When Shanghai Tower opens as China’s tallest building next year, the 2,073-foot (632 m) tower will feature elevators capable of traveling 40.3 miles (64.8 km) per hour, or 59 feet (18 m) per second, a new milestone. That bests the 55.1 feet (16.8 m) per second achieved by the elevators in the current record holder, Taipei 101 in Taiwan, which was completed in 2004.
But Shanghai Tower likely will not hold the title as world’s fastest for long. Builders of the Guangzhou CTF Finance Centre, which is scheduled to open in 2016 in Guangzhou, China, have promised elevators capable of traveling 66 feet (20 m) per second, or 45 miles (72 km) per hour. The elevators will take passengers from the first floor to the 95th floor in about 43 seconds.
The question facing the industry today: how fast can elevators go without sacrificing comfort?
“This is a new day,” says Steve Edgett, partner in Edgett Williams Consulting Groups, which works on elevator designs. “We’re in uncharted territory.”
Some analysts believe mankind may be close to the limits of elevator speeds using modern technology.
“I think there is a limit, not to building, but what we can do efficiently,” says Johannes de Jong, head of technology for Finland-based Kone Elevators.
The biggest obstacle for faster speeds is the variance in air pressure from the bottom to the top of tall buildings. A superfast elevator leaves no time for the body to adjust to the changes in pressure, similar to the effect experienced by divers surfacing too quickly in the ocean.
For elevators to go faster, something will have to be done to accommodate the human ear, which is extremely sensitive to pressure changes. Commercial jets typically take 20 to 30 minutes to descend from their highest altitude and help passengers adjust, yet earaches and complaints are still common. “One thing we cannot do is change the laws of physics,” de Jong says.
For the Guangzhou tower, Japanese tech firm Hitachi, which is building the elevators, will use a sophisticated control panel that can respond to “changes in atmospheric pressure correctly” to smooth the acceleration and deceleration process and “relieve the feeling of fullness in the ear as a result,” a company spokesperson says. This adjustment technology will reduce the abrupt pressure changes inside the elevator car, while special “active guide rollers” will compensate for even tiny lateral vibrations, Hitachi says.
But there is no guarantee the measures will provide a comfortable ride. Every person’s physiology is different; people with colds or earaches may be more susceptible to ear problems. At 66 feet (20 m) per second, even the slightest vibration will create a shock for passengers.
In Taipei 101 and other existing tall buildings, the elevators are usually set to descend much slower than they ascend in order to ease the ride. Nevertheless, passenger complaints are common. “At nine meters [30 feet] a second, I felt my ears pop,” Edgett says.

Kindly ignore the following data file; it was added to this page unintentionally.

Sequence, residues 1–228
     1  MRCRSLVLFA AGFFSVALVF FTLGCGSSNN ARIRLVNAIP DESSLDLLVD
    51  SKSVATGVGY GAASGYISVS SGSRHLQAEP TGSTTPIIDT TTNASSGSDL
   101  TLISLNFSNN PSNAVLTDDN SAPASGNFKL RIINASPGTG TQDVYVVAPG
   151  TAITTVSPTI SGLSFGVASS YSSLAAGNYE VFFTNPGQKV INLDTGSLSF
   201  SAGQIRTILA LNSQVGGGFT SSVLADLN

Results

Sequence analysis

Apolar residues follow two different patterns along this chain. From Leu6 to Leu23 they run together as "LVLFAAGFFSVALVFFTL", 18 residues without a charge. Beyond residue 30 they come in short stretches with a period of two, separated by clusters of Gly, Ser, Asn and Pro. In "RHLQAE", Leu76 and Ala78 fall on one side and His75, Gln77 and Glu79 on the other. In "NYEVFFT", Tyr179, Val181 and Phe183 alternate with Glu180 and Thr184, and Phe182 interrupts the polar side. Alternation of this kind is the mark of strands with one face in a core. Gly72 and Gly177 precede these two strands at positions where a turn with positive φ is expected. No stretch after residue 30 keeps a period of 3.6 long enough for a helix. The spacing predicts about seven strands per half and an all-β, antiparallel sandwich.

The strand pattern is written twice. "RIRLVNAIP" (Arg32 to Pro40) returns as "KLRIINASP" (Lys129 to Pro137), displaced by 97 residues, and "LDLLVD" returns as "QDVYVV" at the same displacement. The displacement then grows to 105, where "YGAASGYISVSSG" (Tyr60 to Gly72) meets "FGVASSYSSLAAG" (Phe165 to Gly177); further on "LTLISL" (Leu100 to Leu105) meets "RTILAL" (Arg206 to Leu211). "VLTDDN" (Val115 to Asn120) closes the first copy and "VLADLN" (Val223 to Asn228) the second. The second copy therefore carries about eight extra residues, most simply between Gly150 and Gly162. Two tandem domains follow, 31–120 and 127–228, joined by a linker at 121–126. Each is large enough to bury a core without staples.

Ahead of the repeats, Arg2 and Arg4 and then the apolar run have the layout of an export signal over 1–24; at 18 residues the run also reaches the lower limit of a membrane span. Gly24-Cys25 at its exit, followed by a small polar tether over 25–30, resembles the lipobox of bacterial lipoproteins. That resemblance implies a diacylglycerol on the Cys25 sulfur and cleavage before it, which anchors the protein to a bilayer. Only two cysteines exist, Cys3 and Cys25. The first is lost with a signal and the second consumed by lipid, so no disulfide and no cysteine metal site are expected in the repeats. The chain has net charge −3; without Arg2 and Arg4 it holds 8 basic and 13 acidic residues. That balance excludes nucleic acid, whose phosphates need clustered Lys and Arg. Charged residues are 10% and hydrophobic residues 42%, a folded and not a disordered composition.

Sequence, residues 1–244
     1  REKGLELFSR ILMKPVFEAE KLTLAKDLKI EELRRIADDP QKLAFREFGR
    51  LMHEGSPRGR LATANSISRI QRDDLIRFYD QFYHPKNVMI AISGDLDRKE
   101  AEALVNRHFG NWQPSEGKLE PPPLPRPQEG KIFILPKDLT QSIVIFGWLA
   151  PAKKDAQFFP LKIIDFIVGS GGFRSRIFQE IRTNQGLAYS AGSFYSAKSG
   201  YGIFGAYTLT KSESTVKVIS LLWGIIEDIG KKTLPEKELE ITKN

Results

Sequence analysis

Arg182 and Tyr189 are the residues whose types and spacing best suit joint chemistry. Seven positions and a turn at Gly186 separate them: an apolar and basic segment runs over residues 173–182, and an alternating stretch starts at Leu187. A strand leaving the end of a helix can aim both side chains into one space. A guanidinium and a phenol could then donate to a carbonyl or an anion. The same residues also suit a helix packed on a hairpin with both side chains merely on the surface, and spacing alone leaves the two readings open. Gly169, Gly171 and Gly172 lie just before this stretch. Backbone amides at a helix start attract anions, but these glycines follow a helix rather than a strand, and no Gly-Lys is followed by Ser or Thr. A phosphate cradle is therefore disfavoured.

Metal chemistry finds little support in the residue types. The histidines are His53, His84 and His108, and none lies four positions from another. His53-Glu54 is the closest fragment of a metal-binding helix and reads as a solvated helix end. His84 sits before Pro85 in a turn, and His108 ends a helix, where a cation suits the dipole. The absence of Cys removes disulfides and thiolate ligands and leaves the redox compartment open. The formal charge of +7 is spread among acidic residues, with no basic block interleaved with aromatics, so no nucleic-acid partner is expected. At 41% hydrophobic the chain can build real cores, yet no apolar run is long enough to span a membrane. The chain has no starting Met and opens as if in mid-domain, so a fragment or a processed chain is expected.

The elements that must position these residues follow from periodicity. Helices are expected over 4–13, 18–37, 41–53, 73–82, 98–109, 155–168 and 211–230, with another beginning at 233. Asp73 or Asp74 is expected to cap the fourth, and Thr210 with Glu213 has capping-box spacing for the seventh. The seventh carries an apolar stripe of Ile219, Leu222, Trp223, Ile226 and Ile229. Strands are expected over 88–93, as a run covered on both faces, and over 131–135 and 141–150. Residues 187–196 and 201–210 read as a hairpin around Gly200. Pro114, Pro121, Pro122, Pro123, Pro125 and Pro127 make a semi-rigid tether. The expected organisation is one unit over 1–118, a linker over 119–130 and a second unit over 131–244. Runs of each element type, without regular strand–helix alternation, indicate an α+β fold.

In the one-kilometer-tall (0.6 mi) Kingdom Tower under construction in Saudi Arabia—which likely will become the next “tallest building in the world”—Kone expects elevator speeds to peak at 33 to 41 feet (10 to 12.5 m) per second. “It’s up to the client,” de Jong says. “We have to show him how it feels.”
However, Kingdom Tower will feature the longest single elevator ride in a building, about 2,165 feet (660 m), using a new carbon fiber cable designed by Kone called UltraRope, which is dramatically lighter and stronger than steel cables.
Technology exists for elevators to go even faster, experts say. Powerful engines, guidance systems, and new rope technologies are on the horizon. But a dramatic technological breakthrough will be needed to address passenger comfort, and it is unclear who will undertake the expensive research necessary to make that happen.
“There is a point of diminishing returns,” says Jay Popp, executive vice president, international, for Lerch Bates, an international consultancy. “Development costs are enormous for something that you will sell very few of.”
The ability to tout the “fastest elevators in the world” may not be enough incentive for developers to push the envelope. If it takes 20 floors for an elevator to reach top speed and 20 floors for it to slow down, there is little advantage to the top speeds except in the tallest of buildings.
The elevator industry is eagerly anticipating the rollout of the Shanghai Towers elevators, which will test the boundaries of new technologies. Mitsubishi Elevators, which is building the tower’s elevators, says it will use proprietary “pneumatic control to compensate for rapid changes of atmospheric pressure,” along with “sleek roof covers” to reduce vibrations.
“If Shanghai Tower goes well, we’ll get some data,” Edgett says.
That information may inspire more research and more out-of-the-box thinking. Possibilities range from pressurized lobbies to special devices that would fit into passenger’s ears to ease discomfort.
“In that case, you could double 18 meters [49 feet] a second,” Edgett says. “The question is do you want to?”
Rather than focusing on speed, ThyssenKrupp, the German steel and engineering giant, will begin testing a system based on magnetic levitation (maglev) technology in 2016, which would allow elevators to move horizontally. This could increase the effective speed of vertical transit by having multiple elevators travel in a circular route within the same shaft, like a vertical subway train line, instead of today’s standard of one or two cars per shaft.